After a hurricane in the 70's Mac Albright suggested we take the church kids rubber rafting. Being a bit nuts I agreed. We gathered up our gang of about 15 middle schoolers and took off. We had 2 rafts; a big one that accomodated most of the kids, and a smaller one for four. Mac assurred me that Link, his nephew, was a veteran rubber rafter and he could manage the small raft.  Yeah right.  We hadn't gone far before we tipped the raft over and fell in the water.  Fortunately the stream was shallow enough at that point that we could wade to a little island and catch our breaths. Delighted with our adventure we climbed back in and set sail.

And then disaster struck. Real disaster.  At a broken dam, now clogged with all sorts of debris sucked into a whirlpool in front of the dam, throwing the four of us into the raging water. Somehow I managed to pull myself out, grabbed hold of Link's arm and pulled him to safety. Gasping, the two of us went in after Eddie Richardson. But where was Fid?  Diving back in I found him trapped under the trash, his foot tangled in some string.  am convinced that some power greater than myself gifted us that afternoon for there is no way I was strong enough to have dived under that water, grabbed Fid's arm at the shoulder, disentangled his leg, and pulled both of us up out of that swirling sucking vortex.  As soon as we'd surface enough to catch a breath of air, it pulled us back under. But by the grace of God, Fid and I eventually crawled out of the water and debris to safety. And then the four of us got back in the raft and finished our trip down stream.  Having narrowly escaped death we all needed to join the others.

When I dropped Les and Fid off at their home, Fid ran into the house shouting, “Mom, Dad, Mrs Shutt saved my life!”  That's when I understood the Biblical imperative “repent and be saved.” The ways we chose to live, the choices we make have serious long range implications. Biblical writers understood that when we focus on greed, self interest, war and violence there is only possible outcome. Death and more of the same. Unless we repent, unless we step out of our three sided boxes, nothing will ever change.  Salvation involved stepping out of our boxes.  Not saved as an evacuation plan to heaven, but saved so that God's energy can flow through us to help others. Saved to live in relationship with others and our world.   Saved to work together for the betterment of humankind.  Saved to belong to a joy filled beloved community of faithful followers. Saved to be grateful rather than greedy.  Hearing Fid call out “Mrs Shutt saved my life” I found I really wanted to spend the rest of my life helping others step outside of their three sided boxes.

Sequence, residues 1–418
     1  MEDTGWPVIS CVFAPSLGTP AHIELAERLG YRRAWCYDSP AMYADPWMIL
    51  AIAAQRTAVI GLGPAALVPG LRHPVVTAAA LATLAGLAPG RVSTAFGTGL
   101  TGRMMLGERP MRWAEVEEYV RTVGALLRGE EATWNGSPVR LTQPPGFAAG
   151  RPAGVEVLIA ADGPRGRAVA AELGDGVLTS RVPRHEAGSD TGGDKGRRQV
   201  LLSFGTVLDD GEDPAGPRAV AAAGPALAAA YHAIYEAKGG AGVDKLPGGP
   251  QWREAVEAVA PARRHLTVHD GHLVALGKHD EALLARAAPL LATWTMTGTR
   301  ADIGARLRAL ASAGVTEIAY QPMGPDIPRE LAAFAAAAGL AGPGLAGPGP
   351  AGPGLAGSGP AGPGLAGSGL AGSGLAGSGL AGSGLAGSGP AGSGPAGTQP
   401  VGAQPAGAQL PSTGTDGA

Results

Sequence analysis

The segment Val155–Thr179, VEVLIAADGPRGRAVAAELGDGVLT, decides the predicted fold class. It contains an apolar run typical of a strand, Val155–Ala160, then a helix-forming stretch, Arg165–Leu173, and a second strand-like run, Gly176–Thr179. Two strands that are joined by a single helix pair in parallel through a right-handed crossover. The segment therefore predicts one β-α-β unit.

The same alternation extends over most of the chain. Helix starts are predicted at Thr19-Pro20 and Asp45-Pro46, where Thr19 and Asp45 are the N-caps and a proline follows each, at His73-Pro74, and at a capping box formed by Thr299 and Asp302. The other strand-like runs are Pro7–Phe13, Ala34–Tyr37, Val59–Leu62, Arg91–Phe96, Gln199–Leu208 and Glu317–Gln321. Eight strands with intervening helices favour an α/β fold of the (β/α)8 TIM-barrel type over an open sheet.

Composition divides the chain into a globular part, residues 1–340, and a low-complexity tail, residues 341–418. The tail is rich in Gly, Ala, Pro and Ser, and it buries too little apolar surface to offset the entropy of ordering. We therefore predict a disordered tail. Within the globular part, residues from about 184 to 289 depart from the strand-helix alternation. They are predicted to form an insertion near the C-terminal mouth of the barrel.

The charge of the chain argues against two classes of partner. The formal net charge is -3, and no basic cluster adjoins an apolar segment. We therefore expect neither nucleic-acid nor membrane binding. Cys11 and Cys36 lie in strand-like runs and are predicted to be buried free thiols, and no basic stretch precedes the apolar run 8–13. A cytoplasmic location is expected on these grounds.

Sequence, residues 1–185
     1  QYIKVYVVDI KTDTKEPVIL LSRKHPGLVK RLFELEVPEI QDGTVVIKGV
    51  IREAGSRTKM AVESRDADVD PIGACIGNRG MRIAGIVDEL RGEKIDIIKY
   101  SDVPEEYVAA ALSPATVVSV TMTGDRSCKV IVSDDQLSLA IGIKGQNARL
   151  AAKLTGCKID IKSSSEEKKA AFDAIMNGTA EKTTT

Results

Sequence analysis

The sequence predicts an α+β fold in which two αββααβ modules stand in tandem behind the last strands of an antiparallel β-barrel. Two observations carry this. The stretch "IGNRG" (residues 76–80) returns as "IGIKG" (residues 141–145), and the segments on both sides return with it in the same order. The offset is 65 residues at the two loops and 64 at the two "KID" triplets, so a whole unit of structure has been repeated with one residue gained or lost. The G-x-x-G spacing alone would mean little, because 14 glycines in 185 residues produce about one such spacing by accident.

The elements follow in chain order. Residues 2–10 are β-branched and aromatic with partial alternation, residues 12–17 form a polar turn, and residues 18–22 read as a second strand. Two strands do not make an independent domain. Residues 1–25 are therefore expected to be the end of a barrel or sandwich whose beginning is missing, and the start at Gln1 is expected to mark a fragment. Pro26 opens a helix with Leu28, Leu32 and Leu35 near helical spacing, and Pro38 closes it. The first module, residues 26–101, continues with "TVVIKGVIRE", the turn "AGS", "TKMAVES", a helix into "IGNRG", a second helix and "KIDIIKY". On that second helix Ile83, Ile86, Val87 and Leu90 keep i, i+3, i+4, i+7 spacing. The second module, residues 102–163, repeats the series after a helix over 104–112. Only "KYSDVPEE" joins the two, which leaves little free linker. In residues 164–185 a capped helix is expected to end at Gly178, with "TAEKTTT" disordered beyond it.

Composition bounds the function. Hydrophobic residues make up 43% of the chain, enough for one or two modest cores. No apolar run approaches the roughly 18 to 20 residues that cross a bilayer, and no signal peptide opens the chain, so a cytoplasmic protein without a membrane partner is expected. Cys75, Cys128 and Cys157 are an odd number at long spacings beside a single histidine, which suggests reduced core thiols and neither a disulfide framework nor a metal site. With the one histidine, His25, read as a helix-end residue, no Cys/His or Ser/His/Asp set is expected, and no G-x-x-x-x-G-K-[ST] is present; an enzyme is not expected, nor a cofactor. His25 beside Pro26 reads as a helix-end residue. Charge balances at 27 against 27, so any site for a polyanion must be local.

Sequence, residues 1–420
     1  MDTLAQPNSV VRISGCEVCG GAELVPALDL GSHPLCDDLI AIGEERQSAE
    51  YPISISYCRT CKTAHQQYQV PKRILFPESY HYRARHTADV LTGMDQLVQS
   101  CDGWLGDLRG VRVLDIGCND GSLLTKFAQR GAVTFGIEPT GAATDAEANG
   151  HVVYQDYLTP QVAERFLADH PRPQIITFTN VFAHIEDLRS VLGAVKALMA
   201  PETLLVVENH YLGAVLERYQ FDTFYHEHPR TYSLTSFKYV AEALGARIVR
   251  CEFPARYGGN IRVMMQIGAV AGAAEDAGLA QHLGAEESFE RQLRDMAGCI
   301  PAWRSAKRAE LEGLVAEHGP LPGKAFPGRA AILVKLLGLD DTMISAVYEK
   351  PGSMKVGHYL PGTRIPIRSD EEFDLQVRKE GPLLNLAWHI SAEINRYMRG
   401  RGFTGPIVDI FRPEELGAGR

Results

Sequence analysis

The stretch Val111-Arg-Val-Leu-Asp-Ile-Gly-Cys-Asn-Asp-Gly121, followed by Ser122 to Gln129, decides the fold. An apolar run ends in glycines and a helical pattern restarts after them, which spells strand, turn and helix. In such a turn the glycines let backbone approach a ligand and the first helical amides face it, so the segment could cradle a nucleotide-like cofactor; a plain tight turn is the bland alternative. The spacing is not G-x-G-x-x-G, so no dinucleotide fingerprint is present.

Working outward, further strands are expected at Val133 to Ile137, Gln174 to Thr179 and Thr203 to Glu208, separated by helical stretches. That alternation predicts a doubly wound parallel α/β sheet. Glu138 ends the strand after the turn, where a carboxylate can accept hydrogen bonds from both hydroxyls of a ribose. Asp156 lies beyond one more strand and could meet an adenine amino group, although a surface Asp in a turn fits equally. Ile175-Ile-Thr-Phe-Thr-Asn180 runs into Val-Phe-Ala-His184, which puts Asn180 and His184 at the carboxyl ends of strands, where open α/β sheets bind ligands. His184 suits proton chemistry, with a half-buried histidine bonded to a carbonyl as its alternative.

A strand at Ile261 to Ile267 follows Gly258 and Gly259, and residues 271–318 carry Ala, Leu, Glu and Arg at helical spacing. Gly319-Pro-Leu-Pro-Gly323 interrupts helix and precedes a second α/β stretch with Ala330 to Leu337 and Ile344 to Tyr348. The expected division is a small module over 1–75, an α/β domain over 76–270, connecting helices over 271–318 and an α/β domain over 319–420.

If we are to save our broken war torn, hate filled, greed infested, self-centered world, then we have to be the first ones to turn around and step outside of the box. We must be the ones to embrace that promised love that defies human understanding and casts out all fear. Difficult as it is to trust in an unseen God, we can do this, not that it will be easy.   It won't. The old familiar ways of being and doing are like that watery vortex that kept pulling us back under the broken dam.   But being so flooded with love and concern for those kids that afternoon I completely lost all fear and concern for my own safety and that momentary burst of love was enough to mobilize my strength to pull Fid far enough out of the water that two other little boys could do the rest.

And that's how it works!  A scrawny little woamn and two kids complete the metaphor. Perfect love exists in imperfect scrawny improbable people for that love is not about us and what we can do on our own, it is about joining others in small actions and efforts.  Being with, needing, depending on,, sharing with, weeping with, laughing with others.  Together love flows through us from a power greater than all of us.  Together love can and will free us to turn around and make that first baby step out of our three sided boxes into God's open future. Amen